Furthest Land has enjoyed the vast majority of his success on turf and synthetics, but following a win in the Golden Bear Stakes over a sloppy Indiana Downs track, the connections decided to take a crack at the Claiming Crown Jewel at Canterbury. Sent off as the 4-5 favorite, the 4yo gelded son of Smart Strike finished fourth.
“It was the first time we tried him on a fast track, and he didn’t care for it,” Maker said. “It was worth a shot.”
Off two months, Furthest Land returned to win the Kentucky Cup Classic on Sept. 26 at Turfway, and he’s now perfect from two starts over synthetic surfaces.
“We ran him in an allowance race this past spring at Keeneland, and he was very impressive that day,” Maker said. “The right opportunity (to run on synthetics) didn’t come along again until the Kentucky Cup. Timing-wise, that was a great spot for him.”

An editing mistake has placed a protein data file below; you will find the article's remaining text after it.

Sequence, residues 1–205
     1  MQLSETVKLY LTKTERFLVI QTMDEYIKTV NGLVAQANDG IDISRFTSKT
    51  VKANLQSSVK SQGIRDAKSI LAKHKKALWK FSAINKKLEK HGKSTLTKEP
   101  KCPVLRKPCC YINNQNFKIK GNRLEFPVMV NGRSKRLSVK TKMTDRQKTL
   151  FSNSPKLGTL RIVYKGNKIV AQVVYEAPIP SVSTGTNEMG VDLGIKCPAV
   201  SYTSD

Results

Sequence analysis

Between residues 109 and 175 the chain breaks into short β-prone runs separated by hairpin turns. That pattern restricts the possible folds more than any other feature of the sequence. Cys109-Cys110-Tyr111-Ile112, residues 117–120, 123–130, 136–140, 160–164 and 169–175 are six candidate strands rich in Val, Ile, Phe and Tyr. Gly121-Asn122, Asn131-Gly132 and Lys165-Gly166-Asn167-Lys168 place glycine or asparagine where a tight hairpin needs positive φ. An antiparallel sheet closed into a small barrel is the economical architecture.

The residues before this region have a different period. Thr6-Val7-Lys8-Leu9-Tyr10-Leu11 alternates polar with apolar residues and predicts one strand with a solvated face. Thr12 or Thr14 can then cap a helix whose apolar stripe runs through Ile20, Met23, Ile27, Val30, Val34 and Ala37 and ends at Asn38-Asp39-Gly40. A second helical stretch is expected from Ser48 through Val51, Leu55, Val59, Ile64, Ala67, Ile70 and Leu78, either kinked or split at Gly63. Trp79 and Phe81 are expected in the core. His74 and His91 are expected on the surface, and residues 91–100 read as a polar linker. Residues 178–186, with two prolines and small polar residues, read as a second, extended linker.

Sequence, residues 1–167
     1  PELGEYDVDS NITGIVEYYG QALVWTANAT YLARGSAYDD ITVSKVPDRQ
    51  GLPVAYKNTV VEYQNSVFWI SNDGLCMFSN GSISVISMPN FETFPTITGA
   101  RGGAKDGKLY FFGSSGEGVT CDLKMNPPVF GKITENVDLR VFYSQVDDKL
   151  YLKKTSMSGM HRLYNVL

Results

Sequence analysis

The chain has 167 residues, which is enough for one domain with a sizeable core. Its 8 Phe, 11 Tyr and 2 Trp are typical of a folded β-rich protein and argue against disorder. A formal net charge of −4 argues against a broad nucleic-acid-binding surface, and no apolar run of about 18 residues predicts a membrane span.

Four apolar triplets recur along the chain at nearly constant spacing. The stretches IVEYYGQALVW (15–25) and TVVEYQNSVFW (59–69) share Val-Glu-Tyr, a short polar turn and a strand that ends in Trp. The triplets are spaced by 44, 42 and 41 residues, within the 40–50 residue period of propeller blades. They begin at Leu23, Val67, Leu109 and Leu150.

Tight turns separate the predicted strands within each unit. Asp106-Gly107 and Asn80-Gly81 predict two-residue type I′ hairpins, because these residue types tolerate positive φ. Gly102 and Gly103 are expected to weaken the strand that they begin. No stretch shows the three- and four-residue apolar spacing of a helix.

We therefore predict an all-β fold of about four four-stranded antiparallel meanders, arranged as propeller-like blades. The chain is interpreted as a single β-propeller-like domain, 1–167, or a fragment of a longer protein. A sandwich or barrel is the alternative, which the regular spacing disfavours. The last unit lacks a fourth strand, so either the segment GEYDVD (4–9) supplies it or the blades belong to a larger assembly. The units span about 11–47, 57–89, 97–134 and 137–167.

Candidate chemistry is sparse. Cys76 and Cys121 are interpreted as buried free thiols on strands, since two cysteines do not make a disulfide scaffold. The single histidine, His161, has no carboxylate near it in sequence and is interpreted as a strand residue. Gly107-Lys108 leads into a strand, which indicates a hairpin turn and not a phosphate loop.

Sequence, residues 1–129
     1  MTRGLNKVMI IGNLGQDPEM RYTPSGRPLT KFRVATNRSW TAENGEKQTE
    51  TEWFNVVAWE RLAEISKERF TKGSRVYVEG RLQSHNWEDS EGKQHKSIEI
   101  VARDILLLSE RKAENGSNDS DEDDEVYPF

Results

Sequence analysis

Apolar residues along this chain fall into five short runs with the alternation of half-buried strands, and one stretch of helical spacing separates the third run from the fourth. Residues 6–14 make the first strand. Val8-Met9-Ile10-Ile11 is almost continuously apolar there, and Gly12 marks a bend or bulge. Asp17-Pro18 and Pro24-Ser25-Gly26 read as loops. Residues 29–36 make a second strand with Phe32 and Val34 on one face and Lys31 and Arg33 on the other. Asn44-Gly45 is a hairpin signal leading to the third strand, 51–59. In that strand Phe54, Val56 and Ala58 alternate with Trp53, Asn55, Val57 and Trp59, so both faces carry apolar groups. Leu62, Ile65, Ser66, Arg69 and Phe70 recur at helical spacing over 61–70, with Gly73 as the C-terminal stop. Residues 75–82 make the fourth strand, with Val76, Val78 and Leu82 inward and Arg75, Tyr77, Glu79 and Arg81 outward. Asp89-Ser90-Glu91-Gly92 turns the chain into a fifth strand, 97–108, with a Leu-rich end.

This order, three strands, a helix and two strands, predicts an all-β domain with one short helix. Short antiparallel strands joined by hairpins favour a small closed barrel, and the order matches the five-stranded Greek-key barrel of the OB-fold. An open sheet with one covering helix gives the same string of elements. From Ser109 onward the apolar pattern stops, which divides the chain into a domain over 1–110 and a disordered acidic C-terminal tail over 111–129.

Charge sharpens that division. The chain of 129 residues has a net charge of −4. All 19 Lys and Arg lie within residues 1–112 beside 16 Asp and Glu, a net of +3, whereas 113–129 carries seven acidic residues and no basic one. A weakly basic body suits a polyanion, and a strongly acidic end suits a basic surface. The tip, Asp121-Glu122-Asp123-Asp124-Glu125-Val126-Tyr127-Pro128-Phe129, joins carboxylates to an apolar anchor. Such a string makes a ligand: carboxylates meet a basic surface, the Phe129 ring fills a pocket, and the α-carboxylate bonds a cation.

Mambo Meister – After working 5f in 1:00 2/5 on Tuesday, Mambo Meister walked the shedrow of Barn 36 on the Santa Anita backstretch Wednesday morning.
The 4yo gelding will represent Quantum Racing Team #1 LLC, in which Chris Pallas of Ft. Lauderdale, Fla. is the managing partner. The winner of the Spend a Buck Handicap at Calder was rated at 30-1 in the morning-line for the Dirt Mile.
Mastercraftsman – Trainer Aidan O’Brien said drawing the rail should not hurt the 3yo colt’s chances in the Dirt Mile, where he is the 6-5 morning line favorite.
“I don’t think it’s a problem because the reality of Mastercraftsman is that his best run ever was over six furlongs when there was a really hard fast pace in front of him,” O’Brien said. “I would imagine over a mile he’s going to get that. We’re going to hope that at halfway that he’s not too far back.”